Leibniz And Concurrentism : The Problem Of Using Leibnizian Reasons

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Leibniz and Concurrentism: The Problem of Using Leibnizian Reasons as Causal Powers

Monika Mahmutovic (301180032)
PHIL 451W Summer 2015
Instructor: Dr. Dai Heide
August 14, 2015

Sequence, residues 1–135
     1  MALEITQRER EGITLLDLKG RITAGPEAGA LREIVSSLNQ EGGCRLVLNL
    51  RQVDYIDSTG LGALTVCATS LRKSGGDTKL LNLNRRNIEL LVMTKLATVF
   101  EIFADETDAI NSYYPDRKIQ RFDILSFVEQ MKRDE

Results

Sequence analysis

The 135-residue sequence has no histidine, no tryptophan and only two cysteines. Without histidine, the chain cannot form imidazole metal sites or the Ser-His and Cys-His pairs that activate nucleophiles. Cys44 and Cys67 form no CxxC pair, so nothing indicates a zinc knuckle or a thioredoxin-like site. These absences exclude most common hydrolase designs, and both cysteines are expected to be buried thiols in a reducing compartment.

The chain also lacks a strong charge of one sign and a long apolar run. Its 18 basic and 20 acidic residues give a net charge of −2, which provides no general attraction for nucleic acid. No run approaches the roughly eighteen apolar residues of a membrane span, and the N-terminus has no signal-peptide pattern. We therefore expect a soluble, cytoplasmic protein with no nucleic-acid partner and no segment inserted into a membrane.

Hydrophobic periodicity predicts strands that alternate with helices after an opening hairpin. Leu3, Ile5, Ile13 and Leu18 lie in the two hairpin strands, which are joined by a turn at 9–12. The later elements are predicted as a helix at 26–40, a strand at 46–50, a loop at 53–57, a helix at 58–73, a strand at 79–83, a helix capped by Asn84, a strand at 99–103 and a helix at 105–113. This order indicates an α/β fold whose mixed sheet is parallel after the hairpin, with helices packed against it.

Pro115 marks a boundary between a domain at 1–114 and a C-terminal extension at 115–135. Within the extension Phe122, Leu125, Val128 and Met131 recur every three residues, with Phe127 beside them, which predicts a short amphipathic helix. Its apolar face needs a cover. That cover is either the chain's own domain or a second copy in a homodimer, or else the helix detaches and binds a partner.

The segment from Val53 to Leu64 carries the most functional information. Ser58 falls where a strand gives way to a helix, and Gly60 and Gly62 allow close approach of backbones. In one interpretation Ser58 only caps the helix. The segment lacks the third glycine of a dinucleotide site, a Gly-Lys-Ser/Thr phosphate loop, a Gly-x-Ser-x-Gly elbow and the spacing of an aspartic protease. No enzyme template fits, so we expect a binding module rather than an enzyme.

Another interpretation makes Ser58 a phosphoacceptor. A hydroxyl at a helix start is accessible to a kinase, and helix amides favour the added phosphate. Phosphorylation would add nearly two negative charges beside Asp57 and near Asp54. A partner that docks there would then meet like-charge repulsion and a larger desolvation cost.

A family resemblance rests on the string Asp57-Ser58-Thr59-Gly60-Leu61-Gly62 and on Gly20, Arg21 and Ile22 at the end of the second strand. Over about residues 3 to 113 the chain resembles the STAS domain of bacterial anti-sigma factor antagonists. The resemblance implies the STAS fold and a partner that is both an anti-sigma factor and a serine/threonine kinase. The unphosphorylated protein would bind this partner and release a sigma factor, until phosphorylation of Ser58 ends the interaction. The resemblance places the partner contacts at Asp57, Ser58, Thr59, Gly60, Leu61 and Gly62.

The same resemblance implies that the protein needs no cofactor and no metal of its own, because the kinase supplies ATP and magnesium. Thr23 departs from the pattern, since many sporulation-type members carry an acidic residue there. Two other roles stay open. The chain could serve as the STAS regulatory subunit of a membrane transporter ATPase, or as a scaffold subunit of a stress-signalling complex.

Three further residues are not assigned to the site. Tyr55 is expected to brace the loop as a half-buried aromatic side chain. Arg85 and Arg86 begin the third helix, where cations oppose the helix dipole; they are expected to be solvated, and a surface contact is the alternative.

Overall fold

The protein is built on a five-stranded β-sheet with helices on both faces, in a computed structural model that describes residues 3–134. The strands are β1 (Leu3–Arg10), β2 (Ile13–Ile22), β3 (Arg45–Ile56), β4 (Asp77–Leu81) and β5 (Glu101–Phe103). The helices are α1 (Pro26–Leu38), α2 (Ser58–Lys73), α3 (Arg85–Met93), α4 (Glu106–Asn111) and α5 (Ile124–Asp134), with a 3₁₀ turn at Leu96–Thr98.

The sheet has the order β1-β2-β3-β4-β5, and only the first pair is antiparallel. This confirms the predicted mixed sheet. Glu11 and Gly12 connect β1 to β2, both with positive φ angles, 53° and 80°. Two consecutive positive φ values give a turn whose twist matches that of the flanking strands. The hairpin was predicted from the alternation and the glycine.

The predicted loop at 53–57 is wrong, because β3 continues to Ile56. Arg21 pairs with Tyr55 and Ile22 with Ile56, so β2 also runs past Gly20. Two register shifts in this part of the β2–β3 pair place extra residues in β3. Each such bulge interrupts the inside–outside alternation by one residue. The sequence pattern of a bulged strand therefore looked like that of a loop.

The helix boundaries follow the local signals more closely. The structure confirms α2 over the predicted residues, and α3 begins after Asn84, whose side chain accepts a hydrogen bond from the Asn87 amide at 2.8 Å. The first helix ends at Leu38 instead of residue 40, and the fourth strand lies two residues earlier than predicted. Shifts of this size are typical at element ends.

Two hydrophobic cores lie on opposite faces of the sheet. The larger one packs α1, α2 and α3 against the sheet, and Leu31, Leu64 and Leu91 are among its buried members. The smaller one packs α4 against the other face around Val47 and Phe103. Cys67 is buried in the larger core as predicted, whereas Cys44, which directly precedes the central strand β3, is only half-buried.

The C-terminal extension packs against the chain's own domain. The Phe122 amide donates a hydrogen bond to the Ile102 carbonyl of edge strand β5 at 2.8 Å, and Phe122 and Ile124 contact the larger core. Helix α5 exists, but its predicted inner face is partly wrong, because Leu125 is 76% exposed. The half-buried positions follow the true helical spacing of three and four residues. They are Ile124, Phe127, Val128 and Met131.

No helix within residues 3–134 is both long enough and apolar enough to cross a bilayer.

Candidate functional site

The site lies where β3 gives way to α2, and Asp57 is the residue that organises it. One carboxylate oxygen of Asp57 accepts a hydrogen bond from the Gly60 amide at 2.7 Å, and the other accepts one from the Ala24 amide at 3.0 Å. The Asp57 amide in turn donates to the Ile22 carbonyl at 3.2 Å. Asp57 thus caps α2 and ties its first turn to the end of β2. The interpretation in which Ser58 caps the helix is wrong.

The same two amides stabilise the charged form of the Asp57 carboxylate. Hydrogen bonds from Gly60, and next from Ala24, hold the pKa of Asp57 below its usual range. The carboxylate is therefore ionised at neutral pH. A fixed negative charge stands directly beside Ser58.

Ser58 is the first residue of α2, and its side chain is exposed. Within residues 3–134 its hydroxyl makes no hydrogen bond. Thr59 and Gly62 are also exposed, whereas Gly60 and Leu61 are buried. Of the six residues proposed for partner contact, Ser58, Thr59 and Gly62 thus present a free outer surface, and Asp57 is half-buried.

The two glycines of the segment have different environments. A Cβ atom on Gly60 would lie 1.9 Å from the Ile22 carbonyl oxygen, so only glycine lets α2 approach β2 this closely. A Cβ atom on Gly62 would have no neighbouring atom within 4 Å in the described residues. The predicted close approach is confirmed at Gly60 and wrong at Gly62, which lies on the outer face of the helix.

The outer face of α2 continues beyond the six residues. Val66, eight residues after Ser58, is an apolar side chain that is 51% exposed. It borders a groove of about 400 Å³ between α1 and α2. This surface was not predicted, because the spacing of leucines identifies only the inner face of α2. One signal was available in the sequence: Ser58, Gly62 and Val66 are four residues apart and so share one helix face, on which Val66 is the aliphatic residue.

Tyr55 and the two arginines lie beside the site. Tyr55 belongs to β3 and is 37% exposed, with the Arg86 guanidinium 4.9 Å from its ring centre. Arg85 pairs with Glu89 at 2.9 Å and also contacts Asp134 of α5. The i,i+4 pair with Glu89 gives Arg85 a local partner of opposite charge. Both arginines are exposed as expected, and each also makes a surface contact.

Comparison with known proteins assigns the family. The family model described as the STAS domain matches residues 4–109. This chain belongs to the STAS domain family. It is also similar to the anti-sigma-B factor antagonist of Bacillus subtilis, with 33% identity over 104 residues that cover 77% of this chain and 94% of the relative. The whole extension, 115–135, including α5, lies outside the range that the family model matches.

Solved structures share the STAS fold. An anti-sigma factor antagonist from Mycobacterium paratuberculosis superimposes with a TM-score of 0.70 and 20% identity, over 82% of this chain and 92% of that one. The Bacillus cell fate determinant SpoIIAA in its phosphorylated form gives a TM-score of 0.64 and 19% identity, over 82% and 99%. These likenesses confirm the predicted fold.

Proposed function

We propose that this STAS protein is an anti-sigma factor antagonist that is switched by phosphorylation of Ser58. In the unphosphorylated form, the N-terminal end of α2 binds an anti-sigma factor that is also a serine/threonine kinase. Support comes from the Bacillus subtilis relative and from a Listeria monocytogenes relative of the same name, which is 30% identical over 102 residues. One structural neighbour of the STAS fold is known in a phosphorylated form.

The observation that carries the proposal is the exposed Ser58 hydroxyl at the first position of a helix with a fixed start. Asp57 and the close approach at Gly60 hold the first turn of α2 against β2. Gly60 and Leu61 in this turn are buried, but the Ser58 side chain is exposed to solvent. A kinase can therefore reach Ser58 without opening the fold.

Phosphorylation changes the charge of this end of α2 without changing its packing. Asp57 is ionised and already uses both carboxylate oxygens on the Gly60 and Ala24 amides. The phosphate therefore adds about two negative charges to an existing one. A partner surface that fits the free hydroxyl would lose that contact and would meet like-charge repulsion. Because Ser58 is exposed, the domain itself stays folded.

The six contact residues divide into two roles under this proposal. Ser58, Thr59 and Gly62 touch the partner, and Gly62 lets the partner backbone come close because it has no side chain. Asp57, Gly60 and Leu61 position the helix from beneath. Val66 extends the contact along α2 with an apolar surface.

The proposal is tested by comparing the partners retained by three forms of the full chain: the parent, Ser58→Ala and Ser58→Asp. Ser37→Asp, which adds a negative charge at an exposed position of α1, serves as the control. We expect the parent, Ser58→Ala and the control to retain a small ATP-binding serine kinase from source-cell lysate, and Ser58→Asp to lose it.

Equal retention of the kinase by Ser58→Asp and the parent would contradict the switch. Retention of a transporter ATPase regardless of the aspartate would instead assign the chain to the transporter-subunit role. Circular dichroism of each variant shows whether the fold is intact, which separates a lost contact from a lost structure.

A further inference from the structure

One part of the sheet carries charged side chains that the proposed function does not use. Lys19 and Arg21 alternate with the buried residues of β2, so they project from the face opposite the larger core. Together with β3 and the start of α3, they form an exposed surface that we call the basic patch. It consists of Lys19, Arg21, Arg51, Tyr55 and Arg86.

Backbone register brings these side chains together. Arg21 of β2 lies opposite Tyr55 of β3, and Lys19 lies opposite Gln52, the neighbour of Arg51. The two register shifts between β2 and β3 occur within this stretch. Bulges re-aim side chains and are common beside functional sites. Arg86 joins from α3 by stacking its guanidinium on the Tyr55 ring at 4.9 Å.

In On Nature Itself, Leibniz rather explicitly identifies himself as a steadfast opponent of occasionalism. His critique that occasionalism inevitably leads us to Spinozism stems from his observation that without the forces that are attributable to substances, no thing could persist through time. Leibniz’s main worry here lies in that if things lost their capacity to persist there could be no individuation of substances possible—all things would be reduced to being instantaneous, perishable modes of a single divine substance. In an effort to preserve the existence of individual substances, Leibniz moves to establish a concurrentist account of causation, endowing substances with real causal powers, even though limiting their causal efficacy to intrasubstantial causality . Leibniz’s solution, however, is not without its problems. It seems that Leibniz is going to have a difficult time in reconciling his notion of substances as causally active beings with the theological doctrine that claims that conservation is but continuous creation (hereafter, the CCC thesis)—a doctrine that he nevertheless intends to maintain. But, in the midst of this seeming contradiction, Sukjae Lee’s work in Leibniz’s Concurrentism (which I will be focusing on extensively in this

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